TABLE 15
    Comparison of Oocyst Output Resulting from Oocysts
    Produced and/or Processed using Enzymes.
    Enzymes used in Enzymes
    Diet during oocyst used Total oocysts
    Treatment # production in processing per bird CV (%)
    1 No No 3.88E+07 11.0
    2 No Yes 3.98E+07 14.5
    3 Yes No 3.70E+07 8.7
    4 Yes Yes 3.62E+07 5.4

    Conclusion
  • [0122]
    The use of enzymes either in the diet or in processing or both has no effect on oocyst viability as determined by oocyst output.
  • EXAMPLE 8 Production Scale Use of Enzymes for Oocyst Purification Methods
  • [0123]
    Chickens were infected with Eimeria, and the resulting oocyst-rich feces were collected into a solution of 10% citric acid, 0.75% hydrogen peroxide, and 0.25% propionic acid during the peak output period for each species. Feces were sieved to remove large particles, and oocysts were sporulated. The suspension was centrifuged to pellet the oocysts, and the oocyst-free supernatant was discarded. The pelleted material containing the oocysts was resuspended in phosphate buffer at pH ˜5. Cellulase and pectinase enzymes were added at approximately 5 to 10% each on a volume basis, and the suspension was stirred overnight at room temperature. Total oocysts and total solids were determined before and after enzyme treatment.
  • [0000]
    Results
  • [0124]
    Results are shown in the Table 16 below:
    TABLE 16
    Results of Production Scale Use of Enzymes in Oocyst
    Purification.
    Total solids Total solids
    prior to after
    Oocyst enzymatic enzymatic Percent
    Batch Eimeria Recovery digestion digestion solids
    Number species (%) (L) (L) reduction
    1 E. tenella 93.3 14.39 5.58 61.2
    2 E. tenella 85.3 12.10 4.29 64.5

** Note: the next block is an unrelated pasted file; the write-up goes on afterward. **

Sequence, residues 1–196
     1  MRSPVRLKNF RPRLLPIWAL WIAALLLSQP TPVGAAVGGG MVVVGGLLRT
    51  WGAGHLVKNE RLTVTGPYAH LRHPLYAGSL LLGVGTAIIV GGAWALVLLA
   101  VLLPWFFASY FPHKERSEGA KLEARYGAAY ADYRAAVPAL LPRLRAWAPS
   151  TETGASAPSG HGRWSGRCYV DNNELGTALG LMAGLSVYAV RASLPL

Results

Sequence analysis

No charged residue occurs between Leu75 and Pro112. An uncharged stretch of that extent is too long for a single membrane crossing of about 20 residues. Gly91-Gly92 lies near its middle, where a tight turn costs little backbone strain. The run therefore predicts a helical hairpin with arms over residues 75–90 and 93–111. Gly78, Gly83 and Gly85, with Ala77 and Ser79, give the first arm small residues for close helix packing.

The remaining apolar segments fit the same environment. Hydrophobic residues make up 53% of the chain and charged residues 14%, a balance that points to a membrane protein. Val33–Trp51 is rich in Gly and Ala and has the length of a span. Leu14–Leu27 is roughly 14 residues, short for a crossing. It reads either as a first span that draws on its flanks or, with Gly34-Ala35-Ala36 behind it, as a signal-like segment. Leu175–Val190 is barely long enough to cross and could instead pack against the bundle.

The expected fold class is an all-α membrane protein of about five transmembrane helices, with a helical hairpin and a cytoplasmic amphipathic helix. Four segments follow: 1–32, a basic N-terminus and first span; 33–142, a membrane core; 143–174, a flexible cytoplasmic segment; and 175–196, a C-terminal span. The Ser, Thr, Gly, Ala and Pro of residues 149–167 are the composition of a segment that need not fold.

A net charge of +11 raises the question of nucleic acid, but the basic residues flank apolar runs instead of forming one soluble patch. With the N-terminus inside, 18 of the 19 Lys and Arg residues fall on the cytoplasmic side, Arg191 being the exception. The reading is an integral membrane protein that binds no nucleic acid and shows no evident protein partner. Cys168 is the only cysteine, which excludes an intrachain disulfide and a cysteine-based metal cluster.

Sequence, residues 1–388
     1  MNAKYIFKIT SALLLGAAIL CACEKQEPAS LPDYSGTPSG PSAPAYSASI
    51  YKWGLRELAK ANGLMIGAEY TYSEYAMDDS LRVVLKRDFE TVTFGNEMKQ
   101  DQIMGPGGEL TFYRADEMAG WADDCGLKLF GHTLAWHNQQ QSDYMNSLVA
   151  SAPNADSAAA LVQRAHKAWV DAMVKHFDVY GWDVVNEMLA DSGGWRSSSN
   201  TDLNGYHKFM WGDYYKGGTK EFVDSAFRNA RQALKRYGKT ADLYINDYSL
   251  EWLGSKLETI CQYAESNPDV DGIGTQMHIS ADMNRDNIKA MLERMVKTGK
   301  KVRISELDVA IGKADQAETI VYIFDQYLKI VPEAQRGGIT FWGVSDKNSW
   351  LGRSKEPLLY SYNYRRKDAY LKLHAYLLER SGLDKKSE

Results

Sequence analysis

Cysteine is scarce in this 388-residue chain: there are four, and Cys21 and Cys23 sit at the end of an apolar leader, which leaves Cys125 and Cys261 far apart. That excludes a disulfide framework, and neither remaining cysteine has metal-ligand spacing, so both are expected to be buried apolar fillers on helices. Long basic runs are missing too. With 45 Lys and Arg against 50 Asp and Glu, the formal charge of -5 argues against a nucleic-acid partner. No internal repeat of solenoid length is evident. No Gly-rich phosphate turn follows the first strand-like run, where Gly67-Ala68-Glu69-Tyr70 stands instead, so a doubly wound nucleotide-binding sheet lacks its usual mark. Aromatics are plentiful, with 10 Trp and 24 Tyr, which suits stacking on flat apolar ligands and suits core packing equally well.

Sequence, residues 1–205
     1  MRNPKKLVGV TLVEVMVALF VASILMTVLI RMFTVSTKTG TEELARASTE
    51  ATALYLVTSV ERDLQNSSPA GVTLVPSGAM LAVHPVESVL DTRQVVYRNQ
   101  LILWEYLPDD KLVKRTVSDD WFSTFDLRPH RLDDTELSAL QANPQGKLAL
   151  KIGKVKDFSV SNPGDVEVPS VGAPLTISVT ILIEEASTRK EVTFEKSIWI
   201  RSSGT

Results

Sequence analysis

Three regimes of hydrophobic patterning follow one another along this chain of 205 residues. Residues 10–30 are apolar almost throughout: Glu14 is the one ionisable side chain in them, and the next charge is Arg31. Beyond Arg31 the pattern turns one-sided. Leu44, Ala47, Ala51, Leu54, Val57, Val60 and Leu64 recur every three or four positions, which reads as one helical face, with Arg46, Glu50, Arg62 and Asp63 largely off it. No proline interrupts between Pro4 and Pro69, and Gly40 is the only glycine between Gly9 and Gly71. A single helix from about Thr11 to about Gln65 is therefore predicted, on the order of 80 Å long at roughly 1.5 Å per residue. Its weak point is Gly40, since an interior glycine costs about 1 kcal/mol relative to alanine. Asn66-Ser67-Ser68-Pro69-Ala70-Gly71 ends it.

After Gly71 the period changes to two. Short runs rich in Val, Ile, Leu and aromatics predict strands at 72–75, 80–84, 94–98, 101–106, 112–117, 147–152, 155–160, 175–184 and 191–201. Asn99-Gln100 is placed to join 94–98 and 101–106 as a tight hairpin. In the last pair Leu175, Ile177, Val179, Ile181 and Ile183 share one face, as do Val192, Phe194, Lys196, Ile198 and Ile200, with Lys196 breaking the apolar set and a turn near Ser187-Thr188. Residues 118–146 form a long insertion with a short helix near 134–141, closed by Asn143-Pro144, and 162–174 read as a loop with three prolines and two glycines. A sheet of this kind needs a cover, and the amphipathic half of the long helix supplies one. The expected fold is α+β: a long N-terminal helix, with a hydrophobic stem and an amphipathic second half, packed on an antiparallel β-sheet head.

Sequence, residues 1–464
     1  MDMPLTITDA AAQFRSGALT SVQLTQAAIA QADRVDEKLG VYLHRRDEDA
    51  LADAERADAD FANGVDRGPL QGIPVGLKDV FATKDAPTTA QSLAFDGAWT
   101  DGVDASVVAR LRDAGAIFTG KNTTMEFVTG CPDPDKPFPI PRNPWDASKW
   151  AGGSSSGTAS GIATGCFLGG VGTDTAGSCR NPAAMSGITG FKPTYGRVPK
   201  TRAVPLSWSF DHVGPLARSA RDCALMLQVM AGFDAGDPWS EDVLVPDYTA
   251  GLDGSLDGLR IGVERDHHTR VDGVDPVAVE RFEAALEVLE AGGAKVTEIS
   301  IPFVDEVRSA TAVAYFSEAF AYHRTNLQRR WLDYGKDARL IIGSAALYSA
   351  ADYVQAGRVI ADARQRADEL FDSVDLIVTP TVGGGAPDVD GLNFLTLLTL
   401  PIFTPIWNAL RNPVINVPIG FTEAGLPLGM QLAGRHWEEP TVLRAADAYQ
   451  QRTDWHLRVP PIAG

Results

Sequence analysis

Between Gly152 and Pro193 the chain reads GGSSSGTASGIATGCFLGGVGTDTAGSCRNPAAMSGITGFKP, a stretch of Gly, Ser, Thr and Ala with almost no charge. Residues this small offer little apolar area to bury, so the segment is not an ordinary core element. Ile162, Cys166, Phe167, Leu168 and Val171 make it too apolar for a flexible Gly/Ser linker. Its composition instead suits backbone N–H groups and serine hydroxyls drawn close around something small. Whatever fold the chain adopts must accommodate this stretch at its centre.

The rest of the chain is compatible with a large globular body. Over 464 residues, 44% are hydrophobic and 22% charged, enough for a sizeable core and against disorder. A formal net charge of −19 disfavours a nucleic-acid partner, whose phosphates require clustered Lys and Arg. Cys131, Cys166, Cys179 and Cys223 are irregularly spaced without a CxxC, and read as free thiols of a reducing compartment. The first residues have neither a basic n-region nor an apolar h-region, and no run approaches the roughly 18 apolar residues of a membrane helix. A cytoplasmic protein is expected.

3 E. maxima 125.3 21.13 9.75 53.9
    4 E. maxima 100.0 15.90 5.18 67.4
    5 E. maxima 106.0 12.50 6.48 48.2
  • [0125]
    Enzymatic digestion successfully reduced the volume of solids by an average of 59%. Oocyst recovery was essentially quantitative in each case.
  • [0126]
    Reducing the amount of solids to be processed has several positive effects on the process, including 1) reducing the amount of reagents needed for downstream processing, 2) reducing the scale of equipment needed for downstream processing, and 3) improving the efficiency of the subsequent purification steps.
  • [0127]
    Although the foregoing invention has been described in some detail by way of illustration and example for purposes of clarity and understanding, it will be apparent that certain changes and modifications may be practiced within the scope of the appended claims and equivalents thereof.

Claims (38)

1. A method of purifying oocysts from a composition comprising fecal material, comprising contacting the composition with polysaccharidase under conditions sufficient to reduce the amount of fecal material in the composition.
2. The method according to claim 1, further comprising removing the polysaccharidase from contact with the oocysts.
3. The method according to claim 2, further comprising collecting the oocysts following contact with the polysaccharidase.
4. The method according to claim 1, wherein the polysaccharidase comprises an enzyme selected from the group consisting of cellulase, pectinase, amylase, xylanase, arabinase, alpha-galactosidase, hemi-cellulase, beta-glucanase, beta-glucosidase, amyloglucosidase, and any combination thereof.
5. The method according to claim 4, wherein the polysaccharidase comprises cellulase.
6. The method according to claim 5, wherein the polysaccharidase comprises cellulase and pectinase.
7. The method according to claim 5, wherein cellulase is present in an amount in the range of 2×104 to 50×104 units/liter.
8. The method according to claim 5, wherein cellulase is present in an amount in the range of 4×104 to 25×104 units/liter.
9. The method according to claim 1, wherein the method comprises:
contacting the composition with polysaccharidase comprising cellulase and pectinase, and then
contacting the composition with polysaccharidase comprising amylase.
10. The method according to claim 1, wherein the oocysts are sporulated oocysts.
11. The method according to claim 1, wherein the oocysts are Eimeria oocysts.
12. The method according to claim 11, wherein the Eimeria oocysts are selected from the group consisting of E. maxima oocysts, E. mitis oocysts, E. tenella oocysts, E. acervulina oocysts, E. brunetti oocysts, E. necatrix oocysts, E. praecox oocysts, E. mivati oocysts, and any combination thereof.
13. The method according to claim 11, wherein the Eimeria oocysts are selected from the group consisting of E. meleagrimitis oocysts, E. adenoeides oocysts, E. gallopavonis oocysts, E. dispersa oocysts, E. innocua oocysts, and E. subrotunda oocysts, and any combination thereof.